Further on, a student was standing a step up on the road divider, holding a poster that read, “220 students still being held,” and on and on, the rally was like an information alley. “Tomorrow nothing is on, gather Saturday 4pm Azadi!” was an oft-repeated mantra.
Many people I talked to at the protest said they were there because they wanted the Supreme Leader Ayatullah Ali Khamenei to consider their large number before giving his Friday sermon, which many believed would be decisive for the course of the country. But at Friday prayers the next day, the Ayatullah took a hard line, disappointing millions who were hoping for leniency in the form of a recount, or even a re-election. He said the elections had been completely fair, and that people should rest assured that the “Islamic Republic does not betray the votes of the people.” Khamenei also warned that there would be zero tolerance toward street rallies.
For many, the message was ominous. After the leader’s speech, in which he blamed the unrest on foreign countries as well as “enemies in various media, which mostly belong to the malicious and evil Zionists,” I decided it was time to leave. Reporting Iran over the past week has been a particularly dangerous enterprise for everyone, but I knew that as a dual-national on freelance assignment for TIME, I was a particularly soft target. Soon after, other journalists were expelled or detained, including a reporter for Newsweek.
On the way to the airport Friday night, I witnessed the impact that national television can have on some ordinary Iranians, especially in the absence of other sources of information. When I opened a conversation with the driver, he returned to me, almost verbatim, parts of the leader’s speech as well as news reports that I, too, had seen on state TV. He said the leader was right, it was impossible to rig 11 million votes, and that those who create this chaos are all foreign agitators. “The students claim five were killed in a raid to their dormitories. They showed one of the students who they claimed was dead. He was doing just fine and wasn’t even a resident of that dormitory,” the middle-aged driver from the southern city of Yazd said with evident sincerity.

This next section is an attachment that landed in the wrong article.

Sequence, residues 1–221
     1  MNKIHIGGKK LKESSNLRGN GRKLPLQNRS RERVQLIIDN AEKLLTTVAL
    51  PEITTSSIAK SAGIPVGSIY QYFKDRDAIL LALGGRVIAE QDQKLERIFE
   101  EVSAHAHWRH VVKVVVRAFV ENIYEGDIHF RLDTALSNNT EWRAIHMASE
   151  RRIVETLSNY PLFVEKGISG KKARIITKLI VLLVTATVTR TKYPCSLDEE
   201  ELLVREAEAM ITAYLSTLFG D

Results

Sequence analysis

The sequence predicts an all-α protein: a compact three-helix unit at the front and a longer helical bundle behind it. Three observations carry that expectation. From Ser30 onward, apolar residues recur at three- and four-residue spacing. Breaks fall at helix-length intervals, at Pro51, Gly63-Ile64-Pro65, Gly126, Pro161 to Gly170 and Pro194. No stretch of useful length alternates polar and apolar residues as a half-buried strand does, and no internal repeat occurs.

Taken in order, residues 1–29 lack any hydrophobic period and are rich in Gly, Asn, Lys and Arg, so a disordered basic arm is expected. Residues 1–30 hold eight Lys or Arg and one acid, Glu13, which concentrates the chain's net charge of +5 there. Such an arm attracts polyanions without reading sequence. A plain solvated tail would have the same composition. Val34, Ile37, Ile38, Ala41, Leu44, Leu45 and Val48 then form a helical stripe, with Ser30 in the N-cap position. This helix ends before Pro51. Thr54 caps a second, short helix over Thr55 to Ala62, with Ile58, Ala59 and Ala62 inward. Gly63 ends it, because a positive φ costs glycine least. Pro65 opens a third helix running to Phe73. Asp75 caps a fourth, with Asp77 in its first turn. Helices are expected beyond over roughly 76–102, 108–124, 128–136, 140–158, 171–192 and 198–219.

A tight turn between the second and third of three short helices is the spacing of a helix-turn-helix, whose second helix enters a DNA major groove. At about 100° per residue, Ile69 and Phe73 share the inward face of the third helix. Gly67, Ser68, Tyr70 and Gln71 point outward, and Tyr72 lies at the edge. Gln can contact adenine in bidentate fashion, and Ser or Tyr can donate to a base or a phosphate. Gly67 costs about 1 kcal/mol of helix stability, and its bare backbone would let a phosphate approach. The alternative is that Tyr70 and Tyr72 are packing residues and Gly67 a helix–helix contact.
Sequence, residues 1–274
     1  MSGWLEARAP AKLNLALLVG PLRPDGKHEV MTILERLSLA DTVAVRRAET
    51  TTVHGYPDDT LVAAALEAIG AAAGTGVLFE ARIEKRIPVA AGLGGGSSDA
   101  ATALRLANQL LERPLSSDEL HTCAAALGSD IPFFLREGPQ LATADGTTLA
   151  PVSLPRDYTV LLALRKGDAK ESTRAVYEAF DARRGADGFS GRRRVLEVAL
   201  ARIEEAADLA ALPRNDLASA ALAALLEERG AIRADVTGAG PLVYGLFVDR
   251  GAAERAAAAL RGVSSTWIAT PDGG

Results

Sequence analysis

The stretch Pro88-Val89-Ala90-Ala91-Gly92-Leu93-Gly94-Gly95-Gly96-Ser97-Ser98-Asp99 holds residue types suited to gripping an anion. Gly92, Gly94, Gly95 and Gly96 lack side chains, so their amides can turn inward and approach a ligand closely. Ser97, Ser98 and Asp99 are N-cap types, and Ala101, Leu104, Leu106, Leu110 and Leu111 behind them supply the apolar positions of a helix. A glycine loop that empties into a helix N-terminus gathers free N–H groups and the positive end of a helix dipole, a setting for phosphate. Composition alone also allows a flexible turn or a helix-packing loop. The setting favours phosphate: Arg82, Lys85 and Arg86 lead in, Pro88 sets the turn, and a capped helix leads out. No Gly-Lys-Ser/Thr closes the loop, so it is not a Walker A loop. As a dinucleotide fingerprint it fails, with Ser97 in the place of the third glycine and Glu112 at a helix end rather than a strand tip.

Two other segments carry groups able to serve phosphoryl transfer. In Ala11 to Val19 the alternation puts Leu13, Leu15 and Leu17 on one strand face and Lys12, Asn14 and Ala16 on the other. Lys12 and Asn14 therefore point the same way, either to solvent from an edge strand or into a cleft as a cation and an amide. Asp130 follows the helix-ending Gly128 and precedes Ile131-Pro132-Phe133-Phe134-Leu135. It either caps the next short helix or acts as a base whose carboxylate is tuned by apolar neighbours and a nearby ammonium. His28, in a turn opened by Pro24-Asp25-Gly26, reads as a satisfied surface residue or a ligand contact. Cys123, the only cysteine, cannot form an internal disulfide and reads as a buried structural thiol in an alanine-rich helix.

The pressure is relentless on those who do not take the official line. Only a few days after criticizing the attacks on his university’s dormitories, the director of Tehran University appeared on national television to retract the criticism. After investigating the reports, he said, he found that all but one of the students who were originally said to have died there weren’t even at the dormitory and were alive. The program then cut to a shot of a student called Mohsen Imani, who said he was well and alive and despised people misusing his identity.